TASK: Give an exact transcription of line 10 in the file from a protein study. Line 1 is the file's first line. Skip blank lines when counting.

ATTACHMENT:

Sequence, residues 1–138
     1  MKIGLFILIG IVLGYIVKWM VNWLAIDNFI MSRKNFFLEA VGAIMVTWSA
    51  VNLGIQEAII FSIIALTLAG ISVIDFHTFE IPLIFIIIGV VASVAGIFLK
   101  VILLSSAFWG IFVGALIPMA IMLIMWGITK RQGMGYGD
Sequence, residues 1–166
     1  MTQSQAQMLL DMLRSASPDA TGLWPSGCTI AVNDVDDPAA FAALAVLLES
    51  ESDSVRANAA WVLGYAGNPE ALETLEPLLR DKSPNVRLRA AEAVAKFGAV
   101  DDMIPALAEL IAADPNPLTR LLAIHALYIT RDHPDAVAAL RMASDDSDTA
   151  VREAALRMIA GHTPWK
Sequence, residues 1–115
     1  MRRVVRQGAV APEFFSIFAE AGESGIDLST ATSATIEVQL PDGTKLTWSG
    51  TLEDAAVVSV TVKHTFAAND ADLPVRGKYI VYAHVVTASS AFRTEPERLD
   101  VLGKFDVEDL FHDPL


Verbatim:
Sequence, residues 1–115